Amid Worries, New Equity Risk Premium Data Explained
The Federal Reserve cut interest rates this past week for the first time since the 2008 financial crisis because of fears the U.S. economy was slowing. U.S.-China trade talks ended with no progress and President Trump announced additional tariffs on Chinese imports, deepening the trade war between the world's two largest economies and the chance of a global slowdown. Meanwhile, Friday's new jobs report showed continuing strength in the U.S. economy's 10-year old expansion, though slower growth could result in a cut in profit expectations in the weeks ahead, as the stock market continued to hover near its all-time high.
Amid the worries investors face, here's a reminder about this important fundamental financial concept.
A rubric of modern portfolio theory taught at colleges and universities holds that investors get paid an extra return for taking risk. The risk premium is the amount you get paid for owning a risky asset.
To quantify the equity risk premium, here are the numbers: Over the 21½ years ended June 30th, 2019, the risk-free 90-day U.S Treasury Bill averaged an annual return of 1.94%, compared to a 7.30% annualized return on the S&P 500 stock index, according to economist Craig Israelsen, whose research we license to share with clients and friends.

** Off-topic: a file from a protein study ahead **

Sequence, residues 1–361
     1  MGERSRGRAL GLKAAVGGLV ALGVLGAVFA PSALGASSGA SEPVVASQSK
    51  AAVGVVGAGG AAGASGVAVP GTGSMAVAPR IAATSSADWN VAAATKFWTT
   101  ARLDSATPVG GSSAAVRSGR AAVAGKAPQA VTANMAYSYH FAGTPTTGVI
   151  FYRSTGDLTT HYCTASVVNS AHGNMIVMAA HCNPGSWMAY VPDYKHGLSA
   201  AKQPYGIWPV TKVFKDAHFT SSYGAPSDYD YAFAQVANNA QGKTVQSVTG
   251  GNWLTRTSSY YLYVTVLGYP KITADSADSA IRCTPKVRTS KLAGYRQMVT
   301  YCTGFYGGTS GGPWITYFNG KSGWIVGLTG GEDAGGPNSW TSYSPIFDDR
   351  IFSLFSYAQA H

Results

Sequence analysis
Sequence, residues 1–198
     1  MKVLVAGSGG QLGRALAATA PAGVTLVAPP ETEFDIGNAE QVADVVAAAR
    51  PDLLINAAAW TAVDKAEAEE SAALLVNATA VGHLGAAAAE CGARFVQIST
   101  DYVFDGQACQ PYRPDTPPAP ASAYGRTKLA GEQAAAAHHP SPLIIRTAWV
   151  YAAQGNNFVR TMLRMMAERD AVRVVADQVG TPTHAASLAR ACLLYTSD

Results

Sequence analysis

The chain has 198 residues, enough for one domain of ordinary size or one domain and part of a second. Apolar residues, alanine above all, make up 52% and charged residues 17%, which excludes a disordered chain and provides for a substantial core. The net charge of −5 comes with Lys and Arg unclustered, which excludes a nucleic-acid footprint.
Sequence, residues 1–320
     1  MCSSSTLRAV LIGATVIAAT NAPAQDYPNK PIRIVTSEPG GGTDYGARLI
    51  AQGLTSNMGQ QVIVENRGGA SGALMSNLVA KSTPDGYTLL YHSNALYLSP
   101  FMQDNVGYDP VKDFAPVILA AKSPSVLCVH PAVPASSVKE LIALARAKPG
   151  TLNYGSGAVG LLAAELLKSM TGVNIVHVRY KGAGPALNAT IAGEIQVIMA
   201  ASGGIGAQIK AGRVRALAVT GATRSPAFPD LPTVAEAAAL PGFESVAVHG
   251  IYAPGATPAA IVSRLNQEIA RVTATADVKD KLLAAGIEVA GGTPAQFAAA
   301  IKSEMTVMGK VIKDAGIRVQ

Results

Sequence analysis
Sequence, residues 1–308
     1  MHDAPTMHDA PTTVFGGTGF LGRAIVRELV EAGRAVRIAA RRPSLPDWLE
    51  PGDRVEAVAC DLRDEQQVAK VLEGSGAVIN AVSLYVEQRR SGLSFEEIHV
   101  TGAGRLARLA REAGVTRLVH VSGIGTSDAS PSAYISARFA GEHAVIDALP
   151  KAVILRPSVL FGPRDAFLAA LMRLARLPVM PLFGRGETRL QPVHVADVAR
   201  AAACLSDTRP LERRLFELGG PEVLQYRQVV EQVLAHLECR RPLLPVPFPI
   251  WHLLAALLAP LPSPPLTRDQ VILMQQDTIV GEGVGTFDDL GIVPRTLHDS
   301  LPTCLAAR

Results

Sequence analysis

This 21½-year period encompasses two full economic and bear market cycles — the tech-bubble bursting in 1999 and the global financial crisis of 2008 — so it is an instructive period to examine.
The difference between the 7.30% average annual return on the S&P 500 index and the 1.94% return on a risk-free T-Bill is 5.36%. The 5.36% — the extra return annually averaged on equity invested in America's 500 largest publicly-held companies in the 21½-year period — is the equity risk premium.
In a time of heightened uncertainty, stock investors are tested to accept higher risk if they hope to earn a premium over less-risky Treasury Bills. That's an important financial fundamental to remember in times like these.
After closing at an all-time high of 3,025.86 last Friday, the Standard & Poor's 500 stock index of large public companies, closed about 2% lower to end the week at 2,932.05.
This article was written by a veteran financial journalist based on data compiled and analyzed by independent economist, Fritz Meyer. While these are sources we believe to be reliable, the information is not intended to be used as financial or tax advice without consulting a professional about your personal situation. Tax laws are subject to change. Indices are unmanaged and not available for direct investment. Investments with higher return potential carry greater risk for loss. No one can predict the future of the stock market or any investment, and past performance is never a guarantee of your future results.
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